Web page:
We use cookies to ensure that we give you the best experience on our website. You can change your cookie settings at any time. Otherwise, we'll assume you're OK to continue.

Durham University

Department of Geography

Departmental Research Projects

Publication details

Hu, ZhenBo, Li, MengHao, Dong, ZiJuan, Guo, LianYong, Bridgland, David, Pan, BaoTian, Li, XiaoHua & Liu, XiaoFeng Fluvial entrenchment and integration of the Sanmen Gorge, the Lower Yellow River. Global and Planetary Change. 2019;178:129-138.

Author(s) from Durham


Strategic studies of gravel deposits, in particular using heavy-mineral analyses, have thrown light on the important unresolved question as to the timing of the initiation of the Yellow River drainage through the Sanmen Gorge, which linked the headwaters of that system in the Fenwei Basin and further upstream with the North China Plain and the Pacific Ocean in the east. Survey of the Sanmen Gorge reach revealed previously unrecognized gravel levels: a higher fifth terrace (T5) and a gravel that formed on a high-level planation surface that is preserved on the flanks of the gorge, below the Xiaoshan upland. This high-level gravel differs markedly from the Yellow River terraces, with a lack of material from the upstream catchment, and would appear to represent a small fluvial catchment that developed in the area during the formation of the planation surface, before the Sanmen Gorge was excavated. Comparison was also made with basin-fill gravels from the endorheic fluvio-lacustrine system that existed immediately upstream of the gorge, and was captured by the Yellow River when the latter was cut, and with the modern bedload gravel of the Yellow River in this reach. The former contains significant quantities of unstable hornblende, which implies more local derivation for the endorheic system, whereas the modern bedload resembles the terrace gravels in showing compositional maturity and long-distance transport from upstream within the catchment. The work reinforces a minimum age of 1.2 Ma for the formation of the Sanmen Gorge.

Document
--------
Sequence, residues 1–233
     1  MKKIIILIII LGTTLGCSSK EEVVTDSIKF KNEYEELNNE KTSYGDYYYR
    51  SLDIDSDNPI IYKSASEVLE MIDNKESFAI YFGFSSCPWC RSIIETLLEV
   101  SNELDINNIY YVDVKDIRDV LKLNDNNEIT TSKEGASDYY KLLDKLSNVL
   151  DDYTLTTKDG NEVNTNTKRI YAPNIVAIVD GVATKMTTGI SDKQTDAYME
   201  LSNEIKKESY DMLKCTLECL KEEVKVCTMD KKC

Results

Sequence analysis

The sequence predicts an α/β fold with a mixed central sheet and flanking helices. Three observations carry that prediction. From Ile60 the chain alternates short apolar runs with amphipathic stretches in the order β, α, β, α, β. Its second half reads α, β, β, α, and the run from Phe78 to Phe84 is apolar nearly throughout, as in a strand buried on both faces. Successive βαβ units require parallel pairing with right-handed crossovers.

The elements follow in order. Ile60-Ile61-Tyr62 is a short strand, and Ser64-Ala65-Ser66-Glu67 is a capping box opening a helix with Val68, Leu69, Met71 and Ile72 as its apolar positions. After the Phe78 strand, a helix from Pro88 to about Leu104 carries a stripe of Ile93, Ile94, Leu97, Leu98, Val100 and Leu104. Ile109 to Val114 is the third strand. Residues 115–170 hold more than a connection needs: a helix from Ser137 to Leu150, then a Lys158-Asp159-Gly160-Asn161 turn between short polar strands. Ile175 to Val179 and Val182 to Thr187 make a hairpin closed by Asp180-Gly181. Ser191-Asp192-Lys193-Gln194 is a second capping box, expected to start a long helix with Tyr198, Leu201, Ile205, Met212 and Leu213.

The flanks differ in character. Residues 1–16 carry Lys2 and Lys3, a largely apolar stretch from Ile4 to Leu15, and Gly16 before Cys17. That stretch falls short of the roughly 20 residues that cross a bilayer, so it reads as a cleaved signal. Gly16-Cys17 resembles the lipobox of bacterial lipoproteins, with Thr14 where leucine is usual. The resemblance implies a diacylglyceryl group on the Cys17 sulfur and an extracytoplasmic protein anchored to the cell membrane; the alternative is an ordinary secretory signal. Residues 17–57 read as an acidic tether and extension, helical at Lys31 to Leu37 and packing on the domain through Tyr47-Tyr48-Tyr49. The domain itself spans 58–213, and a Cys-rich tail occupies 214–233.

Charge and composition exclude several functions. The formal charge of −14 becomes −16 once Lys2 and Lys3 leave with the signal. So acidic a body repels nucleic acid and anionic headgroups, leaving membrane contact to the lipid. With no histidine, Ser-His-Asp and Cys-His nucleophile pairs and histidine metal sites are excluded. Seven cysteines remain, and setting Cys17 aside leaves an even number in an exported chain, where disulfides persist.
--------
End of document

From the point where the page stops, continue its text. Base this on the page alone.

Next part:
Department of Geography